“Google Inc.’s six-year struggle to bring all the world’s books to the Internet suffered another big setback at the hands of a federal judge,” Amir Efrati and Jeffrey A. Trachtenberg report for The Wall Street Journal.
“Judge Denny Chin, in a ruling filed in U.S. district court in Manhattan, rejected a 2008 settlement that Google forged with author and publisher groups to make millions of books available online,” Efrati and Trachtenberg report. “The 48-page decision concludes that the $125 million deal would give the Internet giant the ability to ‘exploit’ books without the permission of copyright owners, echoing the U.S. Justice Department’s concerns about the deal.
“‘While the digitization of books and the creation of a universal digital library would benefit many,’ Judge Chin wrote, Google’s current pact would ‘simply go too far.’ The deal would ‘give Google a significant advantage over competitors, rewarding it for engaging in wholesale copying of copyrighted works without permission,’ he said,” Efrati and Trachtenberg report. “In his decision, Judge Chin also noted antitrust concerns related to the settlement, including that ‘would arguably give Google control over the search market’ for books.”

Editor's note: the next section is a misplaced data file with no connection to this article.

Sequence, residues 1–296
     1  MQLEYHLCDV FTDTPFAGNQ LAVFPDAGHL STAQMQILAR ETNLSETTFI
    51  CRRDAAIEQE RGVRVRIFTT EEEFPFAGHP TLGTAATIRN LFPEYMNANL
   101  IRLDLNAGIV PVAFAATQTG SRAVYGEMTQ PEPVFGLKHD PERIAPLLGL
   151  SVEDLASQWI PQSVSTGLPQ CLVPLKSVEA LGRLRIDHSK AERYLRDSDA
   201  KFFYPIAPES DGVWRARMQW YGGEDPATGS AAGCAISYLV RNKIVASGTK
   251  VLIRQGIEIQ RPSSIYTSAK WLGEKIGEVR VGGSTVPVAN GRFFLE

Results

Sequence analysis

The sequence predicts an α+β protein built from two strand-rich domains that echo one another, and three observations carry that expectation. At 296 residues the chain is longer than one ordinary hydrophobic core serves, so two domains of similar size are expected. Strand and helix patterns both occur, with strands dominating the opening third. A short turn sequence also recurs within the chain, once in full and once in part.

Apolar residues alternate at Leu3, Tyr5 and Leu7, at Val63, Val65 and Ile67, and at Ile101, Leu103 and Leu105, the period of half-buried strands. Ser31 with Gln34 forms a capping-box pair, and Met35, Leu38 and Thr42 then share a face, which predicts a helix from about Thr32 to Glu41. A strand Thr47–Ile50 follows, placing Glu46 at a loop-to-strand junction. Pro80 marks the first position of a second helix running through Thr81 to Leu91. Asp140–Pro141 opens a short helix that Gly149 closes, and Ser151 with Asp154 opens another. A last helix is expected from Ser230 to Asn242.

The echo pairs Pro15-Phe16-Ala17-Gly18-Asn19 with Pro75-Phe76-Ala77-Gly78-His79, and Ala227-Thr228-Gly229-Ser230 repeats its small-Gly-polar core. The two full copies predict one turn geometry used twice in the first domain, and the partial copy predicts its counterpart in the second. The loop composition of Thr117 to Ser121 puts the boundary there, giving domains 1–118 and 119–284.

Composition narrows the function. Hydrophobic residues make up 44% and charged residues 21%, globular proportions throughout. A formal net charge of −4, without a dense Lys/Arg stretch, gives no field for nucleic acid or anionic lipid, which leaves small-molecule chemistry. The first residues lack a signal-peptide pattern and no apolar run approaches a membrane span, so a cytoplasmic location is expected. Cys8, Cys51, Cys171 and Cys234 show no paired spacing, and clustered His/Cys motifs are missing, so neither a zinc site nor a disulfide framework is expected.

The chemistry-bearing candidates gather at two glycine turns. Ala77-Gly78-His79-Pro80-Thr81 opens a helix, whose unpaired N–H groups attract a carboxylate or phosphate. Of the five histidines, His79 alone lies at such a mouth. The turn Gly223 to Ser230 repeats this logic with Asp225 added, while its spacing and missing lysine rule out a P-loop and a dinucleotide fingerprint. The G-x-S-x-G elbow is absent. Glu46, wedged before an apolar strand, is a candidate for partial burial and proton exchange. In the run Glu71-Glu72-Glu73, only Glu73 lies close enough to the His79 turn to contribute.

Efrati and Trachtenberg report, “The judge denied the settlement between Google and the Authors Guild and the Association of American Publishers ‘without prejudice,’ meaning they could submit a revised pact that would better protect copyright owners. He also suggested a way to revise the deal: rather than let copyright owners of books ‘opt out’ of the settlement, copyright owners should be given the choice to ‘opt in.'”
Read more in the full article here.